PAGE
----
Thursday, April 16, 2009
Pizza: the new national dish of France
Think French cuisine and immediately you conjure images of confit du canard, a juicy entrecote steak, foie gras, croissants and cassoulet.
Certainly, French cuisine is one of the proudest gastronomies in the world. France is the home of haute cuisine, the crucible of fine dining, the last word in elegance when it comes to the lionising and preparing of foodstuffs.
Indeed, you only need to engage the average French person for two minutes on the subject of food and you realise how food - its preparation and consumption - is a national obssession in France. Shopkeepers will wax lyrical about the artisanal origins of a wheel of cheese or the firmness of a melon. French people from all walks of life will have an opinion on the best wine to drink with a 'souris' of lamb. And time (glorious time) is taken over the eating of every meal.
How to reconcile this then with the news this week that France is the world's second biggest per capita pizza consumer - just behind the United States and well ahead of Italy?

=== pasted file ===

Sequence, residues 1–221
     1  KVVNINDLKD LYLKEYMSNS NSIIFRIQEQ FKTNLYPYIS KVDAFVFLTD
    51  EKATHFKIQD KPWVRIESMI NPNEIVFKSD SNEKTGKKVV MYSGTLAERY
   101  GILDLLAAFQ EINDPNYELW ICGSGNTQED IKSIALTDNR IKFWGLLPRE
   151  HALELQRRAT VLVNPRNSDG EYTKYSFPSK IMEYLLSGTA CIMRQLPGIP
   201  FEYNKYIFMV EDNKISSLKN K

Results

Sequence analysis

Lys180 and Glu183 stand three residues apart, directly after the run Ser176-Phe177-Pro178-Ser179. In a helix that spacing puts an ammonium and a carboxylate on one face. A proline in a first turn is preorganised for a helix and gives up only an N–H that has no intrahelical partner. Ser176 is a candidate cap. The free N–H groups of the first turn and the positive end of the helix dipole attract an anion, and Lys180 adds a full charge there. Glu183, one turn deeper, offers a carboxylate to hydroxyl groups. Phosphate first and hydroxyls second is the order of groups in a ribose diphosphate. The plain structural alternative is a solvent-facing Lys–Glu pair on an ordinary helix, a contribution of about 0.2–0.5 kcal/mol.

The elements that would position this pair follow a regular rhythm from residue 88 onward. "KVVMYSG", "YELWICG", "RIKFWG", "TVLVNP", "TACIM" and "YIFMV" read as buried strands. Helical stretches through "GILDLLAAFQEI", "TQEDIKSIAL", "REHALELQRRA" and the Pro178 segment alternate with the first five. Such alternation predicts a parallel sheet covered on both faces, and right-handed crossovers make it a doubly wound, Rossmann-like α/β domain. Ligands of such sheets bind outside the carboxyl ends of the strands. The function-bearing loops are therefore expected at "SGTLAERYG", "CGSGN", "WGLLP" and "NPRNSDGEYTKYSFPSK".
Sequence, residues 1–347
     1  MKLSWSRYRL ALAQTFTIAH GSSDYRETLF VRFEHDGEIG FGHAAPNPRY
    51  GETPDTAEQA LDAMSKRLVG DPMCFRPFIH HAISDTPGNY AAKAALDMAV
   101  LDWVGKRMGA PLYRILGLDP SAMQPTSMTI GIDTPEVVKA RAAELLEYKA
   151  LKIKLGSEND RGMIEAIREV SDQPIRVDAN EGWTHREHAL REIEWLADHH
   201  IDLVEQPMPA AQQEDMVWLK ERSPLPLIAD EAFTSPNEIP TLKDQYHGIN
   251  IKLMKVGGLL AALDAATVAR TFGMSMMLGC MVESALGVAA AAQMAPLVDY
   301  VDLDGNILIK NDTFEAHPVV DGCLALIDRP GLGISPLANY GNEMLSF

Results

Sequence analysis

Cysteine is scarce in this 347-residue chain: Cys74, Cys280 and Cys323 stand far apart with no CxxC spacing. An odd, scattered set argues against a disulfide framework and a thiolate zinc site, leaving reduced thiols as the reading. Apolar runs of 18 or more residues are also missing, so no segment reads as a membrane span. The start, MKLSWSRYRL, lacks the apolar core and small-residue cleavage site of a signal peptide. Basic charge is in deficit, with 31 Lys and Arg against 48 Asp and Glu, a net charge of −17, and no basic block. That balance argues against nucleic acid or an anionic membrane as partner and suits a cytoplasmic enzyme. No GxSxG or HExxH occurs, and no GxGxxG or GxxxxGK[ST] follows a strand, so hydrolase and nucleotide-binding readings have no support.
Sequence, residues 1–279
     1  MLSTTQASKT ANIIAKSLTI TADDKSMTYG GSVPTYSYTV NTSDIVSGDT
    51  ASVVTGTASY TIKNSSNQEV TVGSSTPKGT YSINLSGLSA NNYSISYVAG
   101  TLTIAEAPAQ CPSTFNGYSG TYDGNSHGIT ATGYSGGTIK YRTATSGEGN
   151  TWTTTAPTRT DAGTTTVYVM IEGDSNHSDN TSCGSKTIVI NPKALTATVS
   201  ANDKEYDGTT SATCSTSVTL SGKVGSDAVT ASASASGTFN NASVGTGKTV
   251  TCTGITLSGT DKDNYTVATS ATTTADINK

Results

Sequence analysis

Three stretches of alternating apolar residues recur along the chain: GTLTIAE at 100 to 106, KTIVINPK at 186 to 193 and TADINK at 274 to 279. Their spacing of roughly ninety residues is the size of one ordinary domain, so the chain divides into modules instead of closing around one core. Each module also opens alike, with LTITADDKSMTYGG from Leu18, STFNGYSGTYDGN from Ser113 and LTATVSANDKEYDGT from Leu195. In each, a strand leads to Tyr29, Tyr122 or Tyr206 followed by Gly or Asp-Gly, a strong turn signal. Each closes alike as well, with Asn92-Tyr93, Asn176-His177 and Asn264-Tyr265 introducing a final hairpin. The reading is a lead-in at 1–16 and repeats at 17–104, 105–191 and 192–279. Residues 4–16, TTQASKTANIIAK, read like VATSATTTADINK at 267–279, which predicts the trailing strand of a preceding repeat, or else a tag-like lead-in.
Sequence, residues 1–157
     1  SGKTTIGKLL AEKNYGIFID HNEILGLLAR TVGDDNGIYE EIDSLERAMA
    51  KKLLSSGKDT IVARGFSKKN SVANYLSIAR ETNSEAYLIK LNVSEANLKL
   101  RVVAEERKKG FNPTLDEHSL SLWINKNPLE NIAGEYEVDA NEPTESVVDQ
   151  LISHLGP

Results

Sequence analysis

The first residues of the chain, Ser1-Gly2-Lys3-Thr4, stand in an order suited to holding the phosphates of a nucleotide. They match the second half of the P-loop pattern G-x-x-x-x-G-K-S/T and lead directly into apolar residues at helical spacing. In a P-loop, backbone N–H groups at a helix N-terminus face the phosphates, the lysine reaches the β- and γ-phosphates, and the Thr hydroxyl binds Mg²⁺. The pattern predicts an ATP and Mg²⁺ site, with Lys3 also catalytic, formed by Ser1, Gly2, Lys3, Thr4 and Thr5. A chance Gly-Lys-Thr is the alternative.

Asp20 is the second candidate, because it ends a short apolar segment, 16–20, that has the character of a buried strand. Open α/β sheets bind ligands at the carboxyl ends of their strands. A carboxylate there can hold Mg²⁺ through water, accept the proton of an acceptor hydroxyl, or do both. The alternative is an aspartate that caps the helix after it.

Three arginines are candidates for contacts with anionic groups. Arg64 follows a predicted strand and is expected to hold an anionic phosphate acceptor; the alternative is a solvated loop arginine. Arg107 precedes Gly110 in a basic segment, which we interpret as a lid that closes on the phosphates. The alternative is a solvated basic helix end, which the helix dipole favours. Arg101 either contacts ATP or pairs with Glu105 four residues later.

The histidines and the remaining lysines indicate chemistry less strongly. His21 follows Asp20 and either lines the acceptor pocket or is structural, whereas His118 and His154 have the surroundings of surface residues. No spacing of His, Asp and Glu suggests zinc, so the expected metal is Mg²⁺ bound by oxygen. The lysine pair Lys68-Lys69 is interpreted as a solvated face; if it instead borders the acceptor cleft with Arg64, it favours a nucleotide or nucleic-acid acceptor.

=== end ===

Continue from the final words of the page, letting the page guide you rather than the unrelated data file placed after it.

As La Tribune newspaper this week reported, the pizza business is booming in France, helped along by the recession as people look for something cheap and easy to eat.
Domino's Pizza in France (coincidentally run by an Aussie friend of mine) is the biggest pizza chain in the country. It saw sales rise by 12 percent last year.
According to a report by The Times correspondent, Charles Bremner, every person in France now eats an average of 45 pizzas per year. That's almost one a week.
There's no doubt at all France produces a stunning array of foodstuffs - and its cuisine has contributed more than it's fair share to the global melting pot of national gastronomies. But the next time a French person makes a snide comment at eating habits in your home country, remind them that 'la pepperoni et cheese' is fast becoming the French national dish.